This week’s sermon comes from Amos 6:1-7 and is entitled “What do you care about?” Amos’ words are addressed to the wealthy people of Jerusalem and concern their callous disregard to the poor and disenfranchised all around them.
Daily Bible Reading:
Monday, November 20. Read Matthew 13:14-15. 1) What was Jesus’ point when he quoted Isaiah? 2) How can we hear or see and yet not understand what we just observed?
Tuesday, November 21. Read Matthew 22:37-40. 1) What did Jesus say are the first and second commands? 2) How do they relate to the law and prophets? 3) How would these commands affect your life if you kept them fully?
Wednesday, November 22. Read Luke 10:30-37. 1) What story did Jesus tell in this text? 2) How did a priest, a Levite, and a Samaritan react to a man who had been attacked by thieves? 3) How do you think this impacts your life?
Thursday, November 23. Read Jeremiah 7:1-11. 1) Jeremiah warned his audience of being fooled. Who were the deceivers and how did they create the deception? 2) What did Jeremiah say was the corrective to this deceit? 3) The Jews had ultimate confidence in the presence of the Temple. What do you think we do today that reflects the same sort of false confidence?
Friday, November 24. Read Amos 4:1-3. 1) Amos is very critical of those he calls, “fat cows of Bashan.” What were they guilty of? 2) How do they resemble things you read about on the front page of the paper?
Saturday, November 25. Read Amos 6:1-7. This is Sunday’s sermon text.
Prayer of the Week:
Dear Father, You have created all things for our use. Under your care and guidance, we prosper and our world is blessed by these good gifts. But whenever we presume to be the creator, we become other than you created us to be. Greed, hoarding, and selfishness consume us so that the blessings of your good creation are twisted and perverted for our own use. In this time of conspicuous consumption, help us to be generous and compassionate with the wealth we enjoy. In Jesus’ name we pray this. Amen.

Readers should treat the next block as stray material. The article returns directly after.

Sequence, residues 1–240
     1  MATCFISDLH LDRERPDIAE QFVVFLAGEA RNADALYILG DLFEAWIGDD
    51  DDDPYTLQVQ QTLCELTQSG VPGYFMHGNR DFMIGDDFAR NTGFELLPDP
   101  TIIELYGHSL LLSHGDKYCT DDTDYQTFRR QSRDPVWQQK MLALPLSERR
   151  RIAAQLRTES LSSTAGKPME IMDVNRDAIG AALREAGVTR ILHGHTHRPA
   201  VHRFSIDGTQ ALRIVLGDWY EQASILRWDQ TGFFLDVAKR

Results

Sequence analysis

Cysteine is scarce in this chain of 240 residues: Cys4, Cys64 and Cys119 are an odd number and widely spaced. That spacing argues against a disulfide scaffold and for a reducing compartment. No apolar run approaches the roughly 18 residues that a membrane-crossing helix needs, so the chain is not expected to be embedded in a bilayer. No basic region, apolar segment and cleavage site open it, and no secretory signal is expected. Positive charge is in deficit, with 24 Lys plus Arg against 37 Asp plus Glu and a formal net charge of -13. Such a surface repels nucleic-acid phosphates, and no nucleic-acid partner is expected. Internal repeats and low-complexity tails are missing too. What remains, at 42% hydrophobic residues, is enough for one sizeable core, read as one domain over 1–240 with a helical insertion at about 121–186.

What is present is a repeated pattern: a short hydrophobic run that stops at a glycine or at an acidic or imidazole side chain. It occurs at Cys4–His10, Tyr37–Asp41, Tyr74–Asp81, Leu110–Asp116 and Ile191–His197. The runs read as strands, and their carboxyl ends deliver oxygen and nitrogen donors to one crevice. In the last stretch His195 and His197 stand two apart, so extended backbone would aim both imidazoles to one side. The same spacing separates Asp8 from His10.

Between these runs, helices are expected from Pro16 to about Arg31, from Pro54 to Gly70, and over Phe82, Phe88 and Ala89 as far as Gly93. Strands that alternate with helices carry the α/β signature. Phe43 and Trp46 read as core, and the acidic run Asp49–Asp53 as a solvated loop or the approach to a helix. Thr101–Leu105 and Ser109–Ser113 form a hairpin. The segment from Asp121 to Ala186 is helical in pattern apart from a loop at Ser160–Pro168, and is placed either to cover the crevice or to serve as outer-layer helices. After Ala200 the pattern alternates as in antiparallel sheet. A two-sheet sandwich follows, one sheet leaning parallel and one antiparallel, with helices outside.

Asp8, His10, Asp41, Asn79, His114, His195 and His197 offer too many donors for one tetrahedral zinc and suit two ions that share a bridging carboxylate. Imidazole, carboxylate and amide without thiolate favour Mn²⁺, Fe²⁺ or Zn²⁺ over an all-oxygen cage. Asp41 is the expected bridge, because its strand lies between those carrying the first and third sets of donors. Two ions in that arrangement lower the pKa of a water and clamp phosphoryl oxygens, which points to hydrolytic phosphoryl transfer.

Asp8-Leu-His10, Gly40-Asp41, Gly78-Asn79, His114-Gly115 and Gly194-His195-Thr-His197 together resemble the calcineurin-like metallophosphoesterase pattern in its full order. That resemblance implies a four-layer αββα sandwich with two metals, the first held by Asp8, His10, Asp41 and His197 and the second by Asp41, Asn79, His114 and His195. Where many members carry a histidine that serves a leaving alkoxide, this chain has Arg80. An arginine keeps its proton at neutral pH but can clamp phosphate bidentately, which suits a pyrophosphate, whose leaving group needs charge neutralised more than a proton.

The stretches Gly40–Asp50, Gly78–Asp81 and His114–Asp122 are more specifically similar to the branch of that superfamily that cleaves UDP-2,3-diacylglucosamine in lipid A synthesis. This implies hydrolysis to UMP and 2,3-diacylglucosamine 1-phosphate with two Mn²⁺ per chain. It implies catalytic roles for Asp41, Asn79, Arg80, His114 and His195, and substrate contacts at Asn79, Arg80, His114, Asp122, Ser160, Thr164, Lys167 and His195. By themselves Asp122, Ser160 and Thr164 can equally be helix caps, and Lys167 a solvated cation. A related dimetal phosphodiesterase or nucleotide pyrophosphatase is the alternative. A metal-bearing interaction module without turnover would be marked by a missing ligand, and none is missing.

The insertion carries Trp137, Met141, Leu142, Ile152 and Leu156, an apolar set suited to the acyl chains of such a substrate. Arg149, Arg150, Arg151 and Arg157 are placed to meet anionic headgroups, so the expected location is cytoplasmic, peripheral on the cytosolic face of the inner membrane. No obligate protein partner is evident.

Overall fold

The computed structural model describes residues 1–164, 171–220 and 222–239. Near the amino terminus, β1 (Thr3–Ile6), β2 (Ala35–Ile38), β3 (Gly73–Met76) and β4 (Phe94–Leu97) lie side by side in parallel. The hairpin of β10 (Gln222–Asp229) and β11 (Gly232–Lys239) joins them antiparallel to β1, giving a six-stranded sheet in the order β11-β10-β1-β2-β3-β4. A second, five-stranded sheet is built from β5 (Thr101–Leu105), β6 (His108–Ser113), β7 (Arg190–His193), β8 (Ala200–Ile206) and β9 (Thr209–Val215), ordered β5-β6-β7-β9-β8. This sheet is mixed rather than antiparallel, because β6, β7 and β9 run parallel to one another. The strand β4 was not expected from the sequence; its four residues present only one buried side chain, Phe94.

Hymn of the Week:
Take My Life and Let It Be
by Frances R. Havergal, 1874
Take my life and let it be
Consecrated, Lord, to Thee.
*Take my moments and my days,
Let them flow in endless praise.
Take my hands and let them move
At the impulse of Thy love.
Take my feet and let them be
Swift and beautiful for Thee.
Take my voice and let me sing,
Always, only for my King.
Take my lips and let them be
Filled with messages from Thee.
Take my silver and my gold,
Not a mite would I withhold.
Take my intellect and use
Every pow’r as Thou shalt choose.
Take my will and make it Thine,
It shall be no longer mine.
Take my heart, it is Thine own,
It shall be Thy royal throne.
Take my love, my Lord, I pour
At Thy feet its treasure store.
Take myself and I will be
Ever, only, all for Thee.
Devotional Article of the Week:
Exercising the Spirit: Generosity
How can being generous grow our spirits?
by Scott Owings
One day Nasrudin asked a wealthy man for some money.”What do you want it for?
“To buy an elephant.”
“If you have no money, you will not be able to maintain the elephant.”
“I asked for money,” said Nasrudin, “not advice.”
(Anthony de Mello)
In our culture of “zero sum gain,” where the bottom line is the bottom line, the story above sounds like foolishness. After all, who hasn’t heard the adage, “Give a man a fish and he’ll be hungry tomorrow; teach him to fish and he’ll never grow hungry” While pragmatic advise, it simply is not the gospel.